Many years later, in my training as a counsellor I came across a model of grieving that resonated very strongly with me. It compared grief to a rubber ball shoved into a glass jar taking up all the space around it. Traditional models would have us believe that over time our grief shrinks, leaving more room in the jar…like this picture:
However, what actually happens is that the jar (our life) expands as we carry on living and it’s the growth that creates the space in which our grief continues to be part of us but no longer takes up all our emotional oxygen. So, grieving looks more like this:
The grief is still the same size but it’s no longer such a big part of our life.
Grieving is a process and it’s not a linear one. Significant dates like birthdays, Christmas, anniversaries etc can be very painful even years after the event. It takes at least two to five years for normal uncomplicated grief to be processed but when grief is complicated maybe by a tragic death or if your relationship with the deceased was a difficult one it can take much longer to work through it and you might benefit from some counselling to help with it. When a relationship was difficult the grieving process is complicated because you’re mourning for the things you didn’t have as much as for what you did have and you may need help to make peace with your anger or resentment around those issues.
There are a lot of different models about grieving and the one I like best is Worden’s task model of grief. I like it because it’s a proactive model and it gives power to the bereaved person to work through their grief in a structured way (although as I’ve already mentioned, grief isn’t structured or linear as such). There are four tasks which Worden said had to be worked through in order to come to terms with a loss and move on with life:
Task 1: To accept the reality of the loss.
This involves two types of acceptance: intellectual and emotional. Intellectual acceptance can come long before emotional acceptance.Traditional rituals help with this task (funeral, months mind etc).Acceptance can be particularly difficult in the case of sudden deaths especially if the bereaved doesn’t see the body as I found when my friend died.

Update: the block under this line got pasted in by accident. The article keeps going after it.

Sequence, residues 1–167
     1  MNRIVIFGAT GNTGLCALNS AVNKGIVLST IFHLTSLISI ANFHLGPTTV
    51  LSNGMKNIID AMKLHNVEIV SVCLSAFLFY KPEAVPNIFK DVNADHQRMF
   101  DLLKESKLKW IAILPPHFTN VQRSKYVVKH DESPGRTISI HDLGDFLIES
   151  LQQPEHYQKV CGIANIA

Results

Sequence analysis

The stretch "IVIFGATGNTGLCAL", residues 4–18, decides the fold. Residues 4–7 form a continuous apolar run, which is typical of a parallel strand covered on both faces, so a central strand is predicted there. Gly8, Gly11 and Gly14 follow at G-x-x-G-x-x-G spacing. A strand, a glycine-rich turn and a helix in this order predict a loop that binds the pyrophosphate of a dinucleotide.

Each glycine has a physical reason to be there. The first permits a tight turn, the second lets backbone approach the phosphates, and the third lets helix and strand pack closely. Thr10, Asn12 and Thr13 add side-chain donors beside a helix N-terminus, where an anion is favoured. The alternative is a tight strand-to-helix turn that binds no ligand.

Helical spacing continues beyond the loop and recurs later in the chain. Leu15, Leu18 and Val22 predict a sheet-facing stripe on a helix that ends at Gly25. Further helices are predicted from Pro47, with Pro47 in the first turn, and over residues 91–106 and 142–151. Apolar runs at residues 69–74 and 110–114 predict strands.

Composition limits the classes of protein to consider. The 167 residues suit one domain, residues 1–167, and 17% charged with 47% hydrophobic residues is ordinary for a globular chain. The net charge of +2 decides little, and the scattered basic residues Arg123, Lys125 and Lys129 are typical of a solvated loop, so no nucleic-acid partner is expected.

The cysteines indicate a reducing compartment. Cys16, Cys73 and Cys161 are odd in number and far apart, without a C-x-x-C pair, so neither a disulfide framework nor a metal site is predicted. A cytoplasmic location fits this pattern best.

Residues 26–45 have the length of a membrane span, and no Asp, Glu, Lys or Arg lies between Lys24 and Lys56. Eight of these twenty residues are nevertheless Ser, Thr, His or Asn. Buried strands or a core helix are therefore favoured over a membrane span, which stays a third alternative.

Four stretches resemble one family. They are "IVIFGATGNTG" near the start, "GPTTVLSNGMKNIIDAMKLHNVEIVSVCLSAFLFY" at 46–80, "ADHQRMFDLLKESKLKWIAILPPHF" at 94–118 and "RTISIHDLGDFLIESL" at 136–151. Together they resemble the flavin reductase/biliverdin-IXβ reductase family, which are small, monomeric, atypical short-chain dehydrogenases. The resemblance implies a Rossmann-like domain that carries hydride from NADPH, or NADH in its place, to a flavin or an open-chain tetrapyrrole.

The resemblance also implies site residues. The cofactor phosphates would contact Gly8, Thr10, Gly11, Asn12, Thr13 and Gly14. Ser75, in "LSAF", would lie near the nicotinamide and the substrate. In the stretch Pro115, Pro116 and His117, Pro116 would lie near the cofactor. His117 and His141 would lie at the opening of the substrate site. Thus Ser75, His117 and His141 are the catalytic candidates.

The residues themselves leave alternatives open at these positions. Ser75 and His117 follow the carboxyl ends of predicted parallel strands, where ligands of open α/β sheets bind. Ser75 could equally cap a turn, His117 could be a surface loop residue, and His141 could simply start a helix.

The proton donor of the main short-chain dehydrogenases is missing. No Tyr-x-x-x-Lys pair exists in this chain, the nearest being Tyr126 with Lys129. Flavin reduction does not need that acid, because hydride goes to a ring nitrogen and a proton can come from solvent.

Task 2: To work through the pain of grief.
To work through the pain you have to allow yourself to feel the pain. Unfortunately the only way around this task is through it. Cutting off feelings or numbing them through alcohol or drugs prolongs this task and can lead to depression.
Task 3: To adjust to an environment in which the deceased is missing.
There are two types of adjustments; external and internal. The external ones involve changes in roles that can happen as the result of a death eg a father having to take on more of the day to day practical care after the death of his wife who was the stay at home parent. These changes may include a house move or the necessity to learn new skills.The internal ones involve a change to the sense of self or a change in identity eg widow/widower instead of wife/husband or a single person instead of half of a couple. Bereavement can challenge our basic assumptions about the world and life. This is particularly true in the case of a sudden or violent death.
Task 4: To emotionally relocate the deceased and move on with life.
The final task of mourning is to emotionally relocate the deceased and move on with life. This isn’t about giving up the love you feel for your loved one but finding a place for them in your emotional life that recognises that they have died and are no longer physically present.
Grief and loss are a given for all of us at some point in our lives but life events or our own particular vulnerabilities can affect how we cope with loss. It’s a process and it takes time. You need to give yourself permission to take the time you need to make sense of your loss and of the new landscape of your life.
Suggested reading list:
C. S. Lewis “A Grief Observed”
J. Hull-Mc Cormack “Grieving, A Beginner’s Guide”
E. Kubler-Ross ” On Death and Dying”
Jars analogy: emergencybunny.blogspot.ie
Cover photo: www.yogabasics.com
©Marianne Gunnigan November 2016.